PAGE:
It can sometimes be too shallow, with only the tiniest sliver of the image in focusand not always the part you intended. The slightest movement when youre shooting can also move the focal point to an unintended spot, so be mindful and hold still when releasing the shutter.
I move the owers close to a window or take them outside if possible; a shady or backlit spot is perfect for capturing beautiful, natural color. I shoot a wide variety of images: Once the ladies have picked up their bouquets, I shoot them again as theyre being held.
I also reshoot the boutonnieres on the guys lapels. I adore shooting the owers, and I can never get enough Figures 4. I used a wide-open aperture to create separation between the bouquet in the foreground and those beyond.
Keep the other wedding vendors in mind as you shoot the orals and decor. Your responsibility is rst and foremost to your client, of course, but you should also strive to capture images that showcase the work of your colleagues at the wedding.
Afterward, the planner, orist, designer, rental house, caterer, and so on will be thrilled to receive the images. Not only will they share those images with future, potential clients, but theyll be more likely to refer you, knowing that youll take the time and care to create images that show their work in the best possible light.
I frequently jump back and forth from still-life work to candid shots of the bride getting ready, the bride having her hair and makeup done, bridesmaids and family members hanging out or busy with their own preparations, and so on. Be sure to shoot everyone who is present in the room, and, of course, give a little extra emphasis to mothers and other family members Figures 4.
I prefer to hang back from the action as much as possibleparticularly at this part of the day when were in such close quarters with one another, everyone is still getting accustomed to my presence, and nerves may be running a bit highso I use my zoom lenses and shoot as unobtrusively as possible. I abandoned the shoes to hustle over for this shot; my mm lens got me close enough without intruding on the scene.
I want to capture the moment in a timeless, beautiful way, and it helps to think about where the bride should stand and how exactly I intend to capture it. I plan it out in advance so that when the time comes to shoot, my focus is on capturing the genuine emotion that is expressed by the bride and by those around her as they see her in the gown for the rst time.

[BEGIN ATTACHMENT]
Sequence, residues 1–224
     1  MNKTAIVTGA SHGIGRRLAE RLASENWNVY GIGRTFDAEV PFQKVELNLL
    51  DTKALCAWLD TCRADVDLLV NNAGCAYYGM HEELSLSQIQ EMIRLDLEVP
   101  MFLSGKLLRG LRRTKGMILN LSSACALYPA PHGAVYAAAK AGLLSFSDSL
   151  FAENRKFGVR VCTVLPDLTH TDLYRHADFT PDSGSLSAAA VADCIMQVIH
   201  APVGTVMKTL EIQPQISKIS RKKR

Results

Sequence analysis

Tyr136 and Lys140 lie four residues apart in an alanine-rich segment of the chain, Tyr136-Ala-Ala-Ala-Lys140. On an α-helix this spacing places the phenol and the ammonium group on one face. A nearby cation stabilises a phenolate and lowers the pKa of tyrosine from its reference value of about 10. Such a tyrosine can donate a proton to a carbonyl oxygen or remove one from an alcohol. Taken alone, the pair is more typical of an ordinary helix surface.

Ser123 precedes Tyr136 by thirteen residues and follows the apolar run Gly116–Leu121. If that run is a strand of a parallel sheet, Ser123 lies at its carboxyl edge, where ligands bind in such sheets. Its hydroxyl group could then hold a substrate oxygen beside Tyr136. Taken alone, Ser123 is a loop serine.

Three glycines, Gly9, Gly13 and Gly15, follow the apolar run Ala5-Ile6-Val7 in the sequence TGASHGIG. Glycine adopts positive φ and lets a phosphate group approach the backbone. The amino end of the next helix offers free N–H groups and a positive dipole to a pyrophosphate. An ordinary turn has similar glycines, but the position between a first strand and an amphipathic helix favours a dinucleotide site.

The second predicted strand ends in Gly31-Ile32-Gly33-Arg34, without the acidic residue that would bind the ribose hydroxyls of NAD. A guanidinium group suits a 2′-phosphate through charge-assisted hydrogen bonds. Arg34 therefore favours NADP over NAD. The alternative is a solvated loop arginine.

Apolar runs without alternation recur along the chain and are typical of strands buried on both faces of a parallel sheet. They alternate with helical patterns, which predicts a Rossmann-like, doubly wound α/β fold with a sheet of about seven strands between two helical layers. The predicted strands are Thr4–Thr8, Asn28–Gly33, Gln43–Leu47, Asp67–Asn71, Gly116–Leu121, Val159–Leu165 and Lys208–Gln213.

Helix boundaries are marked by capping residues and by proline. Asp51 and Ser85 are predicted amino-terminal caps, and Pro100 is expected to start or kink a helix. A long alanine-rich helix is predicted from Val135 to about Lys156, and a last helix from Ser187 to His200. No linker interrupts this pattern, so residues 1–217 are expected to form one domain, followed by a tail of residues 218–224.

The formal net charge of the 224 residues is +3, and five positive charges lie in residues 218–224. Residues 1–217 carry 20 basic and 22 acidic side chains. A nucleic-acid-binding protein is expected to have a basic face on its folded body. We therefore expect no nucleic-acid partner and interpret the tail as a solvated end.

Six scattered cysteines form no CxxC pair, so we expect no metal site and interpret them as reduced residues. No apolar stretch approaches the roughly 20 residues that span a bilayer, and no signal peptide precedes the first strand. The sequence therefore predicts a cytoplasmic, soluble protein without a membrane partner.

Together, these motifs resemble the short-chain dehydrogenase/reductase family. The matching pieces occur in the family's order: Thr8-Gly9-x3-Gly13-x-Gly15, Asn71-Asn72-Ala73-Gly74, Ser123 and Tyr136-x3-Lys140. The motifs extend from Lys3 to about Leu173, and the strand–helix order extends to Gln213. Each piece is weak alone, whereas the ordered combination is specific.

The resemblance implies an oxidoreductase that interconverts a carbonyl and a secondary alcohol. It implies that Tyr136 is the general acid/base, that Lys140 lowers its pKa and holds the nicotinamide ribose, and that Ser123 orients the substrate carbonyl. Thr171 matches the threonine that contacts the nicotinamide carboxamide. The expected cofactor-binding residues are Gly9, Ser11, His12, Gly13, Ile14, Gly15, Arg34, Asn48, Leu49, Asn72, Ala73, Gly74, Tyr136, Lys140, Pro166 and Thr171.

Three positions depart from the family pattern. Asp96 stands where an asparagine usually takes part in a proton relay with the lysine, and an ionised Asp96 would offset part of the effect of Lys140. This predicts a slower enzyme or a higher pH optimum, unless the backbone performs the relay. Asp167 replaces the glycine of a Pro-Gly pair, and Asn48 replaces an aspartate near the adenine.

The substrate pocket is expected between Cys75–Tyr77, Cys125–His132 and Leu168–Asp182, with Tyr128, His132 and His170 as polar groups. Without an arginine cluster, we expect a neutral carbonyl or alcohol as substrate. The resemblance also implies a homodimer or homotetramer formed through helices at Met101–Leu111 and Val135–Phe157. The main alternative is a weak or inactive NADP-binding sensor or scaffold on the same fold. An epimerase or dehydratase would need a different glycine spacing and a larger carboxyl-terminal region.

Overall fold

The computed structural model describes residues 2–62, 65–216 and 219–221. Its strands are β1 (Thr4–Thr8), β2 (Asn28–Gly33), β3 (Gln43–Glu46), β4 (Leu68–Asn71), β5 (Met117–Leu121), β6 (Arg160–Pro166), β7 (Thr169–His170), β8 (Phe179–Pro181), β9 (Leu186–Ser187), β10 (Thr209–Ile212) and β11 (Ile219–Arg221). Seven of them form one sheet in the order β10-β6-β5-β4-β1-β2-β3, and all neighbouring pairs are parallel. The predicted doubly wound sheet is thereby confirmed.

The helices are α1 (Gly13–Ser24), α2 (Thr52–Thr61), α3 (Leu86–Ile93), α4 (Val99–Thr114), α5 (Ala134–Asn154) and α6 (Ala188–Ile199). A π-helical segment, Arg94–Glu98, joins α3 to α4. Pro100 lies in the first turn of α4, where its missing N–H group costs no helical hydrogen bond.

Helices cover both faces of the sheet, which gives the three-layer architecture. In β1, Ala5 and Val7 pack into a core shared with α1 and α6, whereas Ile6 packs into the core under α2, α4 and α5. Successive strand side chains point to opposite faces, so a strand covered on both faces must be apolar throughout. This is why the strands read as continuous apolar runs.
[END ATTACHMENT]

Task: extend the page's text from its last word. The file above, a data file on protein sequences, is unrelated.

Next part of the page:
Although I like the environment to look natural and authentic, I dont want something like an ugly water bottle mucking up the background of my shots. When the time comes for the bride to dress, I ask her to stand near the window, andunless its really dark in the roomI turn off any overhead lights to avoid the unattractive color clashes that can come from mixed natural and tungsten lighting. I measure the exposure ahead of time and preset my cameras; I want to be completely prepared because, often, the actual moment of getting dressed happens very quickly!
There are, of course, many ways to do it. I can silhouette the subject Figure 4. Youll have your own personal vision of how to best capture the moment, but the important thing is to be in control of your tools and know how to use them to realize that vision.
Happy accidents are wonderful things, but we cant rely on them at a wedding! Know what you want to do, and how to do it. For images of the bride getting dressed, I usually choose to expose for the subject and allow the background to blow out, and I almost always shoot it in black and white because I love the dreamy and timeless look that results.
With that in mind, I have a trick for setting myself up to achieve the effect I want. From the angle where the bride will be backlit, I use my handheld light meter to measure exposure for the shadows.